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ThePlumLIneGS whorunsgov plumline
Posted at 03:06 PM ET, 08/24/2012

Birther jokes and the good-Obama-bad-Obama conundrum

Jonathan Bernstein, on Mitt Romney’s birther joke:

It does...remind us of the real dangers of the conservative closed information feedback loop. If you spend all your time in a world in which birther and teleprompter jokes are really funny, Solyndra was a major national scandal, and Barack Obama and the Democrats are encouraging gun crimes so that they’ll trick the nation into strict gun control, it can be hard to know what’s appropriate to say in mixed company and how it’s going to be taken. After all, at every event a Republican politician is at, it’s stuff like that that’s getting the big reactions. It’s not surprising that they lose a sense of how it plays with the rest of the world.

Putting aside whatever motivated Romney’s birther joke, the broader point Bernstein makes here highlights another apect of all this: Romney and Republicans often don’t seem to have decided which Obama they’re running against.

Early on in the campaign, Romney advisers were telling reporters that they were going to paint Obama as a nice family man who was just in over his head; public dissatisfaction with the economy and Obama’s stewardship of it ensured that this would be enough to win. But as the race intensitfied, Romney also needed to prove to the right wing base that he has what it really takes to take it to Obama. Remember, the right’s mythology is that John McCain lost to Obama in part because he wasn’t willing to be aggressive enough in exposing Obama’s true beliefs, instincts, and inclinations. Romney began targeting a new and more sinister version of the President, the one who favors “equal outcomes” and wants everyone to enjoy the “same or similar rewards” regardless of how hard they work. This Obama — the one whose plan to restore Clinton era rates upon the richest two out of every 100 taxpayers is indistinguishable from socialism — could have sprung from the fevered imagination of Glenn Beck.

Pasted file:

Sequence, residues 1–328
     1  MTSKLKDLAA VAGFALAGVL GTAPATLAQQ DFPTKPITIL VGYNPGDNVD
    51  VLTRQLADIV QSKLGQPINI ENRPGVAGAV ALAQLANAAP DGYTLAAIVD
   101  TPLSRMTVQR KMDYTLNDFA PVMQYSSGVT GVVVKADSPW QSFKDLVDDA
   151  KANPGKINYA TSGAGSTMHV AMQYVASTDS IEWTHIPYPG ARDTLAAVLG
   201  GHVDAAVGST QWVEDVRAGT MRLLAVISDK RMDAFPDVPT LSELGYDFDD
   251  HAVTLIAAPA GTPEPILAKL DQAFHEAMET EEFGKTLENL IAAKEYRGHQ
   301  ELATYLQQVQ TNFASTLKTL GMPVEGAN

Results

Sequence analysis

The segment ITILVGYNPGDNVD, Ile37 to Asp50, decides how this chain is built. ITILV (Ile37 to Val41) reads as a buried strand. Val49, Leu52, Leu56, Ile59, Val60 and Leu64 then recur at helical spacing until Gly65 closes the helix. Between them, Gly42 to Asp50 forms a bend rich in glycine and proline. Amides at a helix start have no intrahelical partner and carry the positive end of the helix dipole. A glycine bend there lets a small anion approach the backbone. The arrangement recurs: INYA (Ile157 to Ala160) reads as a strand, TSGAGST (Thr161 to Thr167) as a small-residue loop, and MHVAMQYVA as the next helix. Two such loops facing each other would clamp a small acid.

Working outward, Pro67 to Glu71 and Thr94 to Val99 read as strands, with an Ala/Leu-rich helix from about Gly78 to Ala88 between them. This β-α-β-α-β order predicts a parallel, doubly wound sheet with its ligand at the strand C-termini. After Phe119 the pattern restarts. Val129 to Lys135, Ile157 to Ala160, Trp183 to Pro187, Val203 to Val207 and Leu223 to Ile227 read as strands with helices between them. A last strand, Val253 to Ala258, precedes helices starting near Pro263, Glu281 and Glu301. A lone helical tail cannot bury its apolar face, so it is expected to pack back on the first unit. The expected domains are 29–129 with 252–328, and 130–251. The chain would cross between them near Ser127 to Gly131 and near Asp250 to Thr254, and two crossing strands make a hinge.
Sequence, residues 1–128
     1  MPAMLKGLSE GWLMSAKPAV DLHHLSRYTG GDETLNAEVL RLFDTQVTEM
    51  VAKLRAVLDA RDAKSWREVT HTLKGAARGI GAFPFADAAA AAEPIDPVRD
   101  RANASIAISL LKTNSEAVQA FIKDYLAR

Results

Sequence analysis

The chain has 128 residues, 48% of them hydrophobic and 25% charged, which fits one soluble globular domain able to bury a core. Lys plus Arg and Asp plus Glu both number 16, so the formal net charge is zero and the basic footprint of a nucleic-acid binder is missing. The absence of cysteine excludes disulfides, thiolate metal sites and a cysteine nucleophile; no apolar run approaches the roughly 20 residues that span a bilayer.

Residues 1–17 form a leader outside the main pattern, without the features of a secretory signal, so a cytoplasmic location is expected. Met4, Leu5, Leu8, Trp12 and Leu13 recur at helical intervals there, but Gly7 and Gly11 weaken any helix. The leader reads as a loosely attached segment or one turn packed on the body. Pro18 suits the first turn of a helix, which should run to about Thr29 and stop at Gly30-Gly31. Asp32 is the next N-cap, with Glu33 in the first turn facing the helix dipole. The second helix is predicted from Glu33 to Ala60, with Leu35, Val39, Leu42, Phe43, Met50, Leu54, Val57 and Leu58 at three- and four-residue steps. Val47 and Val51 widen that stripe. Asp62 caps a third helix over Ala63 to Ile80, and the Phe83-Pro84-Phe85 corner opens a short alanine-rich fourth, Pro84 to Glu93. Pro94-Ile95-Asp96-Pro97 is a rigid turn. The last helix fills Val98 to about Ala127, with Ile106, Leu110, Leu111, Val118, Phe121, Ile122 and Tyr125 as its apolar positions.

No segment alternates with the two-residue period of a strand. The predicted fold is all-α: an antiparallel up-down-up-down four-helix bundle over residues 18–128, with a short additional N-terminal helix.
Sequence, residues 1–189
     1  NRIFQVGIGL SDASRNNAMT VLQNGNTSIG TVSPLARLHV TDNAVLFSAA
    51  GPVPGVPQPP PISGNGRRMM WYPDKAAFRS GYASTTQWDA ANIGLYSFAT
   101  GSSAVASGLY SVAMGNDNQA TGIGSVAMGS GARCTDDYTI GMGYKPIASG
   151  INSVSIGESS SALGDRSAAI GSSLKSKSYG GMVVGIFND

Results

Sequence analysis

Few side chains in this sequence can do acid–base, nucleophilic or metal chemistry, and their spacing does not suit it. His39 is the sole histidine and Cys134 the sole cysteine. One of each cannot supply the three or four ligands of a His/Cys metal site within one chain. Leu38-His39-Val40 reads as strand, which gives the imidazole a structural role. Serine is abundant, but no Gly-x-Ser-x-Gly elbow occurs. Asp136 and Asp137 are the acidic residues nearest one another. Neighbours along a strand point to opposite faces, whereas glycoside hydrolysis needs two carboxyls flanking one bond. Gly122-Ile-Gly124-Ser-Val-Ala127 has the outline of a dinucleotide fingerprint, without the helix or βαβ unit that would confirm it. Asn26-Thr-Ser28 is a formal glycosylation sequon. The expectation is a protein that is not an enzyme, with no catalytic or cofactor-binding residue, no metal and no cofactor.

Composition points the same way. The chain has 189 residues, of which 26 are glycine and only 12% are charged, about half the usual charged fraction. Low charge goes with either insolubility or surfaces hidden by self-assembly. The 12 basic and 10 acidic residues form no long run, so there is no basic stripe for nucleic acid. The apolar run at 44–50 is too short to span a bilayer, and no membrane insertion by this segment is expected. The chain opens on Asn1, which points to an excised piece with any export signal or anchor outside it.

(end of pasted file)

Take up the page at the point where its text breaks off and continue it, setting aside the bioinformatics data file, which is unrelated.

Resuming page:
In recent weeks, even as one outside group is running ads criticizing the benign version of Obama more in sorrow than in anger, Romney has been targeting the second, more sinister Obama more regularly. Obama believes only government is responsible for your success, and disdains your hard work and individual initiative. Obama secretly wants government to take over every aspect of American life and society. Obama gutted welfare reform’s work requirement, in order to send welfare checks to those who don’t work, even as you continue to struggle. He gutted old folks’ Medicare to extend health insurance to other people — still more evidence of his inclination to take what’s rightfully yours and redistribute it downward. As Bernstein notes, attacking this Obama is what gets the big crowd reactions.

I don’t know whether it’s fair to say Romney’s birther joke is of a piece with any larger strategy. But the broader point is that the increasing attacks on the second version of Obama suggest Romney has decided he needs to leave behind his initial theory of the race — that he can win on the economy alone. The version of Obama that Romney is now running against revs up the GOP base, and perhaps base voters (on both sides) are taking on increasing importance as the pool of undecided voters dwindles. But the campaigns are also fighting hard over that dwindling pool, and over moderates and independents. And what remains to be seen is whether attacks on the bad Obama will square with those voters’ perceptions of him. If they don’t, those attacks could backfire.

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UPDATE: Post edited slightly for clarity.

By  |  03:06 PM ET, 08/24/2012

 
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